Studies on the neurotoxicity of arsenic in rats in different exposure timing schemes

Arsenic has long been recognized as human poison and, more recently, as an essential micronutrient. Here, the effects of low-level arsenic exposure on the central and peripheral nervous system functions were studied in rats, in a 4-8-12-week subchronic exposure scheme, and in a 3-generation scheme i...

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Bibliographic Details
Main Authors: Szabó Andrea
Lengyel Zs
Lukács Anita
Papp András
Format: Article
Published: 2006
Series:TRACE ELEMENTS AND ELECTROLYTES 23 No. 3
Subjects:
doi:10.5414/TEP23193

mtmt:1240514
Online Access:http://publicatio.bibl.u-szeged.hu/27639
Description
Summary:Arsenic has long been recognized as human poison and, more recently, as an essential micronutrient. Here, the effects of low-level arsenic exposure on the central and peripheral nervous system functions were studied in rats, in a 4-8-12-week subchronic exposure scheme, and in a 3-generation scheme involving treatment of the parents and the offspring. From the rats, spontaneous and evoked activity of the sensory cortical areas, and compound action potential from the tail nerve, was recorded in urethane anesthesia, then dissection with organ weight measurement was done. Body weight gain of the treated animals did not differ significantly from the control. There were, however, dose-dependent changes in the weight of the liver and other organs. Latency of the cortical-evoked potentials increased in the treated rats in both schemes. The change was significant after long exposure times and in the higher dose groups. A shift of the spontaneous cortical activity to higher frequencies was also observed, with similar dose- and time dependence. Low-level arsenic affected the behavioral and electrophysiological functions in the brain, indicating that long-lasting arsenic exposure can result in manifest alteration of the central and peripheral nervous system. Consequently, arsenic-exposed populations may have a higher risk of behavioral and functional neurotoxic effects and potentially be an additive to the neurotoxicity of other environmental xenobiotics. Š2006 Dustri-Verlag.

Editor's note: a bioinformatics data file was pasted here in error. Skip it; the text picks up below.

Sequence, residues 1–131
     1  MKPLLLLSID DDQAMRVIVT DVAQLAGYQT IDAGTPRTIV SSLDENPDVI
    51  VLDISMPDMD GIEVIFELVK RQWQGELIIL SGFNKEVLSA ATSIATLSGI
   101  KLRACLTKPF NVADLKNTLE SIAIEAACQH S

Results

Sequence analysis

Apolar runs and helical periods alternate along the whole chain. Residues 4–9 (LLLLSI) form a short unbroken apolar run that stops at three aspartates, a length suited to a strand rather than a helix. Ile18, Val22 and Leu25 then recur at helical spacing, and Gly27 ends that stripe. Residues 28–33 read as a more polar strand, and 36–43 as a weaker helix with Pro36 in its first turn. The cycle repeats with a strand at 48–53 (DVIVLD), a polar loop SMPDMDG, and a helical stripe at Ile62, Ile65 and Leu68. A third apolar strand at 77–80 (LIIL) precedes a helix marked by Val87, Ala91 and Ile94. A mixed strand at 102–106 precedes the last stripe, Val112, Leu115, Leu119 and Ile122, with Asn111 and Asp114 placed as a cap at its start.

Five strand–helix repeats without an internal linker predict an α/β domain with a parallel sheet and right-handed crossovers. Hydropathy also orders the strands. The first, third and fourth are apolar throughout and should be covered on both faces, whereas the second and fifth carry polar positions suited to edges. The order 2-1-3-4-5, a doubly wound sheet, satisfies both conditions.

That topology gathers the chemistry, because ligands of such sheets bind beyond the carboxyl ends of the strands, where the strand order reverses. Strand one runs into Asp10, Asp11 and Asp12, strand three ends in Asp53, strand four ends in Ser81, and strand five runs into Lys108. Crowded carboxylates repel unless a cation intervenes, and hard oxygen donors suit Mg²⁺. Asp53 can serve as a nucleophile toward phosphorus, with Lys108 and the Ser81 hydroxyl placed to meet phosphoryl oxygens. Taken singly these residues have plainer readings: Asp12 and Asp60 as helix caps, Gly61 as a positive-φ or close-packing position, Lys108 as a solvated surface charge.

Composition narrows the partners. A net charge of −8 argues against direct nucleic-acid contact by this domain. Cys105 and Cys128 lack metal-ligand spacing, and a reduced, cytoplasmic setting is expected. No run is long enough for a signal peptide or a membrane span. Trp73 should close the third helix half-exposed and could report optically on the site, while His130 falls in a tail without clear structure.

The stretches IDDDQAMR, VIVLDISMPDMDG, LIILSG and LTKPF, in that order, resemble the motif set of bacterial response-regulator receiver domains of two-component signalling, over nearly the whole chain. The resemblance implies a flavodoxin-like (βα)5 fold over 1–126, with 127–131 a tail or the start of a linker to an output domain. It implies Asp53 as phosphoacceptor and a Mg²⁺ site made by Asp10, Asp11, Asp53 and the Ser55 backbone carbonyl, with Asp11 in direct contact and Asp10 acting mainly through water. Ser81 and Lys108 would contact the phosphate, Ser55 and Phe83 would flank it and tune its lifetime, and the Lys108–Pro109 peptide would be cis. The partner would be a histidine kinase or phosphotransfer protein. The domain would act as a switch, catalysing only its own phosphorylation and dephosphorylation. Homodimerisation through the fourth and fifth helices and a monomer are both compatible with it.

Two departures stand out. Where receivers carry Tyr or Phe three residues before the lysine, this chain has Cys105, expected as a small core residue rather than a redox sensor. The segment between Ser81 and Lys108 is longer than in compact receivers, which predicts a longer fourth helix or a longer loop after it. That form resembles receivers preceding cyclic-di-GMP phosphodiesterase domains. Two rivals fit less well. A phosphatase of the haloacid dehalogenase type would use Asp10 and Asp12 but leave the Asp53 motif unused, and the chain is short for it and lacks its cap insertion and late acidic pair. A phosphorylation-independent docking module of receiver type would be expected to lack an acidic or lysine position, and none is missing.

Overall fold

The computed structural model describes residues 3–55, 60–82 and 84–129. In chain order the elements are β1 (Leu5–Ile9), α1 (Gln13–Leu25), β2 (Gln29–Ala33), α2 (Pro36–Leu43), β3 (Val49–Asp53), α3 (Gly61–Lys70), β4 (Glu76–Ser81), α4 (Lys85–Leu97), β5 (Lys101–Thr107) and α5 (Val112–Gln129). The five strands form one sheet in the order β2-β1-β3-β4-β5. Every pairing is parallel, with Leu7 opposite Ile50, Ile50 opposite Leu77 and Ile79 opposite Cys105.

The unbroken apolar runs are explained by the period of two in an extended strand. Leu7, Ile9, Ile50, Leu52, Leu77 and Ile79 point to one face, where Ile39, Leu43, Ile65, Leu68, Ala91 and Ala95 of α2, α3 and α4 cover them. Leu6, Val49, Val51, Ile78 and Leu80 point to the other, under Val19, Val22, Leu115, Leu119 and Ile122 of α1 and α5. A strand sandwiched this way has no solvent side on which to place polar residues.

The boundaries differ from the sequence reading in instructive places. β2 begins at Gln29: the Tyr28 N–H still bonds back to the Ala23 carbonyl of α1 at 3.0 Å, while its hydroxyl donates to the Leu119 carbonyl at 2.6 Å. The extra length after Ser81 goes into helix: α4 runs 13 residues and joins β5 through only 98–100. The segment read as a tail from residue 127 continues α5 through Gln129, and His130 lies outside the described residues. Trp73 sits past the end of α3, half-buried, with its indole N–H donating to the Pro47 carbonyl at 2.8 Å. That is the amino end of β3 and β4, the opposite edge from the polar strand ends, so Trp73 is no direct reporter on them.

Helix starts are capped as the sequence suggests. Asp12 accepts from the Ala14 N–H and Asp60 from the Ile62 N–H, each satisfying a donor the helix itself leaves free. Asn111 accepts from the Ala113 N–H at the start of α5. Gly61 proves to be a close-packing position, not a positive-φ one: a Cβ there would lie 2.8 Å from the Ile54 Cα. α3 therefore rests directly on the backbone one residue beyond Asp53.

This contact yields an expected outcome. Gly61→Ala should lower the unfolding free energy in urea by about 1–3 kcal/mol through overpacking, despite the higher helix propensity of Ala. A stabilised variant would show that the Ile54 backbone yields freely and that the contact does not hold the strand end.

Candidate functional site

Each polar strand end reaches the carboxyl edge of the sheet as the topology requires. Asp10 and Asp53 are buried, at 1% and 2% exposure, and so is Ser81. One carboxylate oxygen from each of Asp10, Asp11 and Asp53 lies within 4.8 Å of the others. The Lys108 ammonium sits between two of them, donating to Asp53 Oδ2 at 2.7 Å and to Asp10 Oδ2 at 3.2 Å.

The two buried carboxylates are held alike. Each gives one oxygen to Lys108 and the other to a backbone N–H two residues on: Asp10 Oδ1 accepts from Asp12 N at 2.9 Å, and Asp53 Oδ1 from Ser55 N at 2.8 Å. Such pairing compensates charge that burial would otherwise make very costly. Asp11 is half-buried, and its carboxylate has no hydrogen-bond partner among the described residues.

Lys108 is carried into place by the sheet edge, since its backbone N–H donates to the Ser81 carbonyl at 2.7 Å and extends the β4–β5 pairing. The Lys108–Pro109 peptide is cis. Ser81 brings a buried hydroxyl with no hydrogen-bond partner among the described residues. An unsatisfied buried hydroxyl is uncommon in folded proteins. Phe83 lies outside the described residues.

Physical Description:193-196
ISSN:0946-2104